Immigration: A policy to build


Article by Nino Sergi, President Emeritus of INTERSOS, Policy Advisor of LINK 2007

The time has perhaps come to think about a national conference on immigration and asylum. A public event promoted by the President of the Council of Ministers together with the ministers involved, with a prior work of analysis and in-depth analysis that would see the participation of public institutional actors together with those directly involved in assistance, integration, work, education, training, culture, and the experience of immigrant communities. Social organisations, trade unions, entrepreneurs, third sector bodies, international cooperation, diasporas, ecclesial institutions and communities of faith, analysis and research institutes, academic, educational and training institutions called for a broad and involving work to provide policy makers with useful elements to define an immigration policy, which is not yet there.

The subject is regulated by a law that is now 22 years old, the Bossi-Fini. The six legislatures and twelve governments that have followed one another since 2002 have prevented regular debate on such a complex and sensitive subject and the normal evolution of regulations. In the meantime, the world has undergone profound economic, political, demographic and environmental changes that have influenced migration dynamics. Rather than making a few adjustments, a new regulation should be devised that expresses, with adherence to the complexity of the subject, a true migration policy, the absence of which has so far only led to punctual measures without vision or coherence.

At the European level, the Pact on Immigration and Asylum was recently adopted by Parliament and the Council, after years of debate on the Commission’s proposals. It is, however, an agreement linked to the attempt to contain and manage flows, without clarifying what European migration policy is and what vision governs such a far-reaching social fact that cannot be reduced to crisis management and the logic of security or demographic and labour market dynamics alone. The lessons of the last century must not be forgotten: ‘we were looking for arms and men came’, women, children, with their ways of life, their cultures, their projects.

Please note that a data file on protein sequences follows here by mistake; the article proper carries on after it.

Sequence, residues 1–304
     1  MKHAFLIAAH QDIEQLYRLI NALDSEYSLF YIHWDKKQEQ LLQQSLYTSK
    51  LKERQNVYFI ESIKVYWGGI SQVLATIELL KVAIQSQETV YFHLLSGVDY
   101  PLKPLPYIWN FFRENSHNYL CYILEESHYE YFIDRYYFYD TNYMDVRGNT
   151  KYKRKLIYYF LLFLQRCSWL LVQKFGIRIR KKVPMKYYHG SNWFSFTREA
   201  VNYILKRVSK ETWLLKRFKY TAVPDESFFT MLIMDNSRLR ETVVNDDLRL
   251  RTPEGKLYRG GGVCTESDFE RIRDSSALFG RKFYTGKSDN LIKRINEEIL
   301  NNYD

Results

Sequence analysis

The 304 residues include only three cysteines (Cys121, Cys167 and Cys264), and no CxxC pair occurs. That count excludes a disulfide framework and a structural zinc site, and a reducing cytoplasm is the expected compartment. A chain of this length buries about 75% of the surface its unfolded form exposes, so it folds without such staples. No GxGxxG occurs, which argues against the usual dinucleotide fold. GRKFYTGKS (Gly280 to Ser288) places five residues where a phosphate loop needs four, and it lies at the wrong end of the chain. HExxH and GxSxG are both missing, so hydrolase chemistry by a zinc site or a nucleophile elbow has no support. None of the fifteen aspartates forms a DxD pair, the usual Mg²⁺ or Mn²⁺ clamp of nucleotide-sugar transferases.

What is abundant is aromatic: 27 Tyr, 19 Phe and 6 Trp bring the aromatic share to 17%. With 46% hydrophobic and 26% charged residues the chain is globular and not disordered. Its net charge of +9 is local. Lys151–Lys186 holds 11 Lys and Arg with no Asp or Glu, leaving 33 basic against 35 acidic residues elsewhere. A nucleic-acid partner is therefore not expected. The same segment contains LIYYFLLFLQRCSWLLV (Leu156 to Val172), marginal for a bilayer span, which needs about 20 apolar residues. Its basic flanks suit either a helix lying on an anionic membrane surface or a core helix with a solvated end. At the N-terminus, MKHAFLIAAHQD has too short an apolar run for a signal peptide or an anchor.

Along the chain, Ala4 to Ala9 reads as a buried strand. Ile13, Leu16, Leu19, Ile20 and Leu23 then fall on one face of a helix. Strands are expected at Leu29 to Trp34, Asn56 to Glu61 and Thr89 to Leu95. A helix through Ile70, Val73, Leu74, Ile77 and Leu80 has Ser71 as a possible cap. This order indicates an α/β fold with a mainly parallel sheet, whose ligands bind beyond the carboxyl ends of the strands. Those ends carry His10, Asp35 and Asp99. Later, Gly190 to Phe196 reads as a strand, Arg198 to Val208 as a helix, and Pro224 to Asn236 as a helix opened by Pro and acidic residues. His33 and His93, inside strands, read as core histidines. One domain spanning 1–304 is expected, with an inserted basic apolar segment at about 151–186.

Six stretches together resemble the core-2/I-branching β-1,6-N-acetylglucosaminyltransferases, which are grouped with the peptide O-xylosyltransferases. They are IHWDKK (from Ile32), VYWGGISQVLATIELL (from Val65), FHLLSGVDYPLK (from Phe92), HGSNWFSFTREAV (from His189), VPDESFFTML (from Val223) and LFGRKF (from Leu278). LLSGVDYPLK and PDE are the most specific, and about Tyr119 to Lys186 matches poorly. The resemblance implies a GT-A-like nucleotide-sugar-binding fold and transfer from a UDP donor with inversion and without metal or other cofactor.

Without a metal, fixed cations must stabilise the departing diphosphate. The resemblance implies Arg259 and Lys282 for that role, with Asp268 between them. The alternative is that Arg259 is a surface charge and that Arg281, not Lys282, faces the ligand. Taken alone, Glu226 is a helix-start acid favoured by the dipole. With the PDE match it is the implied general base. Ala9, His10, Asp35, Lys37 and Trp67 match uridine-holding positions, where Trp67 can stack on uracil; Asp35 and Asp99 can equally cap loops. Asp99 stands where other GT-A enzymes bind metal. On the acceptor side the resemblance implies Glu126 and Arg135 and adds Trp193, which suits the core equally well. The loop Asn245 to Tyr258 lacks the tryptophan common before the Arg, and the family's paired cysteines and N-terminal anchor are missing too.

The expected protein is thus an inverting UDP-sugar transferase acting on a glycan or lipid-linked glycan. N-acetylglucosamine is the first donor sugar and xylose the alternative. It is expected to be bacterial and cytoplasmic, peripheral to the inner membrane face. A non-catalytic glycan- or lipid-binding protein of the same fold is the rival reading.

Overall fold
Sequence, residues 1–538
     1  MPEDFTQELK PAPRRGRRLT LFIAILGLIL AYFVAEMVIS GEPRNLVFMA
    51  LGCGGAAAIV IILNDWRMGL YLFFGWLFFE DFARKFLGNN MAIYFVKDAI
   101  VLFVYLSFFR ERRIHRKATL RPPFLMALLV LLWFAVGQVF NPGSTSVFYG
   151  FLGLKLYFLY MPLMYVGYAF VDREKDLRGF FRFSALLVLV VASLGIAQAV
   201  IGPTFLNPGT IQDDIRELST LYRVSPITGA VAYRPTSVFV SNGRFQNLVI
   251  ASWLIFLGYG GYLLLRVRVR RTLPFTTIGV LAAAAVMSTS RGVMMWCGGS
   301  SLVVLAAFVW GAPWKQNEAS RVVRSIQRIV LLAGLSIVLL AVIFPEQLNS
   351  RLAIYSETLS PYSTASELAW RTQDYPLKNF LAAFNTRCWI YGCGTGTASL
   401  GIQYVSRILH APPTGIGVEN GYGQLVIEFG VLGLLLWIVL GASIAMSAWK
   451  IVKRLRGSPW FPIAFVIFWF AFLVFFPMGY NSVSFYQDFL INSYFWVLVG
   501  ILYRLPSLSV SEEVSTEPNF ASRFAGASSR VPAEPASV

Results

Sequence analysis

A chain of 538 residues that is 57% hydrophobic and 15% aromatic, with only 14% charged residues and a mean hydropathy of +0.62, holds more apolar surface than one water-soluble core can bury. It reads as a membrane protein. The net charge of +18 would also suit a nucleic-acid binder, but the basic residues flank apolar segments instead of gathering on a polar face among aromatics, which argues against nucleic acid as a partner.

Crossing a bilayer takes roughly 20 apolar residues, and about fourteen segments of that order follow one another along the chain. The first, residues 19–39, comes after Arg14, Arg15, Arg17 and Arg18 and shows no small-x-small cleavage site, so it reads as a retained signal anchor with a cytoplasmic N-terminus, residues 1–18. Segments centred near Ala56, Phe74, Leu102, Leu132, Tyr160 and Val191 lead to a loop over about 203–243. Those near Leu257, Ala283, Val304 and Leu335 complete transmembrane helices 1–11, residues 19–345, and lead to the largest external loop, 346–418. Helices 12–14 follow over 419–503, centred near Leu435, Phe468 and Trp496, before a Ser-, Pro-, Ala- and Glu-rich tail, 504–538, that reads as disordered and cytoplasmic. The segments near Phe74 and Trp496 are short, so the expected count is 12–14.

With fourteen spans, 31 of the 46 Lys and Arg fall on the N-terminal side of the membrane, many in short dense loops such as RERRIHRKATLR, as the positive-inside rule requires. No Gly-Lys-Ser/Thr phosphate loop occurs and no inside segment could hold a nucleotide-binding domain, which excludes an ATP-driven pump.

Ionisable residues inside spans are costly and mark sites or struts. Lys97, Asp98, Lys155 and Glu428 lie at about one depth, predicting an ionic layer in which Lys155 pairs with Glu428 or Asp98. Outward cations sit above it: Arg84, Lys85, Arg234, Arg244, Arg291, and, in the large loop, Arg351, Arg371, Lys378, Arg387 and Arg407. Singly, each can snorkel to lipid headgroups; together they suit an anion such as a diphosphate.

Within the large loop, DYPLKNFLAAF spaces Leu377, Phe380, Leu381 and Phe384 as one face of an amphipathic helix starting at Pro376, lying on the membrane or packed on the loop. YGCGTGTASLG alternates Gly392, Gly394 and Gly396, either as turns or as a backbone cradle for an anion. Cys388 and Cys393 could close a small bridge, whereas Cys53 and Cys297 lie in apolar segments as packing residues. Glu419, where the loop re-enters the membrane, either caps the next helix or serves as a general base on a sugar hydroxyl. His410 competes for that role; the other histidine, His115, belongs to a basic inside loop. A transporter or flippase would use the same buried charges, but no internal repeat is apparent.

We need to rethink migration. Sociologist Felice Dassetto, professor emeritus at the Catholic University of Leuven, reminds us of this in his recently published essay ‘Migration: un fait total. Nouveaux regards et nouvelles politiques‘: the fact of migration requires us to study and give answers to all the questions it raises, without isolating the migrants’ point of view from that of the societies they arrive in and the societies they leave. Migration has dominated public debate for at least three decades precisely because the questions it raises have not been answered. In the absence of appropriate political solutions, positions have hardened and polemics have replaced debate, with irreconcilable opinions ranging from the opening of ‘fortress Europe’ to walls to prevent immigration. Polemical and ideological tones have frozen positions and produced the impasse we have been in for too long, making it difficult to think about migration in a balanced and rational way, even in order to attempt to build a positive and constructive migration policy in a new way. Yet, one should begin to accept that there are no prefabricated or simple solutions. In our democratic societies, they must be sought together. Immigration is neither good nor bad in itself, Dassetto points out: it is what the actors involved (immigrants and residents, individuals and communities, citizens and institutions) and the social and institutional conditions in which it takes place will make it become.

Once this electoral phase is over, politics should try to open up and confront itself, avoiding fruitless clashes, by listening and inviting confrontation in turn. In Italy there is a rich set of realities with decades of knowledge of both the complexity of immigration and the problems of the countries of origin; an extraordinary wealth of experience, capacity for action and proposals, collaboration with public institutions, and networking with similar realities in European and emigration countries.

The sound and far-sighted governance of immigration is a common concern of these realities and of government institutions, despite their different visions. Dialogue and listening can be the best tool to be able to build immigration policies capable of leading to government choices that are as healthy and far-sighted as possible. These choices are also indispensable to Italy’s positioning and its leading role in common policies at the European level. To be credible, such a role will require a strategy and a political agenda whose implementation begins at home and is dictated by a long vision, far beyond emergency responses.

(Article published by IL RIFORMISTA, 12.06.2024)


IL RIFORMISTA, 12.06.2024